In vivo pharmacokinetics of SCYX-7158

Given the attractive in vitro ADME profile of SCYX-7158, we were confident that the compound would exhibit good in vivo pharmacokinetics. This expectation was confirmed in mice, rats, and monkeys following both intravenous and oral administration (Figure 4).

Figure 4. SCYX-7158 exhibits excellent plasma exposure across species.

Male CD-1 mice, Sprague-Dawley rats, cynomolgus monkeys or male beagle dogs were administered a single oral dose of SCYX-7158 at a dose of 25 mg/kg (mouse, rat) or 10 mg/kg (monkey, dog). Blood samples were collected and analyzed as described in the Methods section. Data points for mouse and rat represent a single animal at each time point; data points for cynomolgus monkey and dog represent the mean of three animals at each time point. The MIC line (red hashed line) is defined as the lowest concentration of compound that completely inhibits visible parasite growth, determined by visual inspection of 96-well test plates after 72 h incubation.

In uninfected mice, 4.3 mg/kg intravenous dose of SCYX-7158 showed an apparent elimination half-life (t1/2) of 26.6 h; systemic clearance (CL) of 0.089 L/h/kg; a volume of distribution (Vdss) of 1.69 L/kg and area under the concentration-time curve (AUC0–24 h) of 48 h•µg/mL. Following an oral dose of 13.4 mg/kg, which corresponds to the lowest efficacious dose in the murine stage 2 HAT model, SCYX-7158 was rapidly absorbed, as a Cmax of 6.96 µg/mL was achieved in plasma at 6 h after dose, with an oral clearance (Cl/F) value of 0.163 L/h/kg, an AUC0–24 h of 82 h•µg/mL and absolute oral bioavailability of 55%. After a 26 mg/kg oral dose, which corresponds to the dose giving a 100% cure rate in the murine stage 2 HAT model, Cmax increased to 9.8 µg/mL and the AUC0–24 h was 113 h•µg/mL.

CNS exposure was determined in homogenates prepared from whole brain tissues. SCYX-7158 exhibited good permeability across the blood-brain barrier and achieved measurable levels after both intravenous and oral doses. Following intravenous administration at 4.3 mg/kg, SCYX-7158 demonstrated a brain AUC0–24 h of 5.57 h•µg/mL. In the study where the compound was dosed orally at 13.4 mg/kg or 26 mg/kg, the values for Cmax in brain tissue were 4.62 µg/mL and 8.1 µg/mL, respectively. The corresponding values for AUC0–24 h were 31.4 h•µg/mL and 68 h•µg/mL. At these therapeutic doses, the brain to plasma ratios of SCYX-7158 were 38% and 60% based on AUC0–24 h following the 13.4 mg/kg and 26 mg/kg oral doses, confirming that SCYX-7158 readily enters the CNS compartment and that disposition occurs in a dose-dependent manner.

In uninfected rats, following oral administration of SCYX-7158 at a nominal dose of 25 mg/kg (dose affording a 100% cure rate in mice), Cmax increased approximately 2 fold more than that in mice (Cmax  = 18.2 µg/mL) and AUC0–24 h, and hence oral clearance, improved approximately 4 fold (AUC0–24 h 291 h•µg/mL and CL/F  = 0.092 L/kg/h). The time to maximum concentration was similar to that in mice (tmax  = 8 h).. In the same experiment, brain and cerebrospinal fluid (CSF) pharmacokinetics parameters were as follows: Cmax  = 8.5 µg/mL in the brain, 1.08 µg/mL in the CSF and AUC0–24 h  = 129 h•µg/mL in the brain and 14.6 h•µg/mL in the CSF. The brain to plasma AUC0–24 h ratio was 44%, which is similar to that in mice.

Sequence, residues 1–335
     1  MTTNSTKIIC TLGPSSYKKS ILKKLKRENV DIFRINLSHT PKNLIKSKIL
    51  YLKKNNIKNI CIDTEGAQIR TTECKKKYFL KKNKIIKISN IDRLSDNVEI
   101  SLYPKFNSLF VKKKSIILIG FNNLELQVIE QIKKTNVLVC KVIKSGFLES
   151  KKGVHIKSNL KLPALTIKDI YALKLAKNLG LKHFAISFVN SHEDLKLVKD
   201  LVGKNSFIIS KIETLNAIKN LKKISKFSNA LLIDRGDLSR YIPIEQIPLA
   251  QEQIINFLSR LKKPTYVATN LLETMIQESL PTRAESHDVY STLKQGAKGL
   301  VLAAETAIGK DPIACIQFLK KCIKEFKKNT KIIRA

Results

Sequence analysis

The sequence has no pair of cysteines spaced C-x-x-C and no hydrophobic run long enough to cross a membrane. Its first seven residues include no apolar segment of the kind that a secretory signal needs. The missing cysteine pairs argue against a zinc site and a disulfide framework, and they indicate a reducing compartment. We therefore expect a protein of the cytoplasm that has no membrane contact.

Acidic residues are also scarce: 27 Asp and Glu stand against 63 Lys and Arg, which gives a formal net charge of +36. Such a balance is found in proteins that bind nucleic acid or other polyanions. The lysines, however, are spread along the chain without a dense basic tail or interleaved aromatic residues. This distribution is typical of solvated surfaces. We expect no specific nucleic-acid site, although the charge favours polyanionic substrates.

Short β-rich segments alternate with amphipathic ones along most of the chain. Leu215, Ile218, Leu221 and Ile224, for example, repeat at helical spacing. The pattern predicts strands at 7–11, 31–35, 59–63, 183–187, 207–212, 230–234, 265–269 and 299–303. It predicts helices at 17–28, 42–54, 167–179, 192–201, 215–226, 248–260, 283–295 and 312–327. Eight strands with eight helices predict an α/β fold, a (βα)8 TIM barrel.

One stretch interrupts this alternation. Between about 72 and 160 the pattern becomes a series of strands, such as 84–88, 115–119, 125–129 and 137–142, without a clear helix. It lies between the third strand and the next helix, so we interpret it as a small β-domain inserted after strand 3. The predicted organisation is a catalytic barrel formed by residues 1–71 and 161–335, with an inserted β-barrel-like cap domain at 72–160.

The pharmacokinetic properties of SCYX-7158 were also evaluated in non-human primates following administration by intravenous and nasogastric (NG) routes. In this study, uninfected male and female cynomolgus monkeys were treated with SCYX-7158 at 2 mg/kg (IV) on study day 1 and 10 mg/kg (NG) on study day 8. Following each dose, blood samples were taken at 11 time points between 0.17 and 72 h, and CSF was collected at 2, 6, 12, 18 and 24 h in an off-set sparse sampling paradigm. As observed in both the mouse and rat studies, SCYX-7158 exhibited excellent plasma pharmacokinetics, with CL of 0.022 L/h/kg; Vdss of 0.656 L/kg and area under the concentration-time curve 78.8 h•µg/mL, and 94.4 for AUC0–24 h and AUC0–inf, respectively, following intravenous administration. Pharmacokinetic properties were independent of gender. In the oral phase of the study, SCYX-7158 exhibited a Cmax of 11 µg/mL at 9.5 h after dose, an oral clearance (Cl/F) value of 0.025 L/h/kg, an AUC0–inf of 460 h•µg/mL, corresponding to absolute oral bioavailability of 89%. Concentrations of SCYX-7158 in the CSF of non-human primates were approximately 5% of the plasma concentration at each time point.

In this study, we also measured concentrations of the oxidative metabolite SCYX-3109 in plasma. In the 10 mg/kg NG group, the concentration of SCYX-3109 was approximately 1% of the SCYX-7158 concentration at all time points (e.g. Cmax  = 0.14 µg/mL and AUC0-inf  = 6.4 h•µg/mL). Though not measured due to technical limitations, we can estimate that the maximum concentration of boric acid (borate) would be no greater than 0.02 µg/mL, as it is generated on an equimolar basis to SCYX-3109. This concentration is below the background concentration (0.03 – 0.10 µg/g) reported for boric acid in the human population, and well below the concentration (1.27 µg/g) reported as a NOAEL in rats.[38], [39]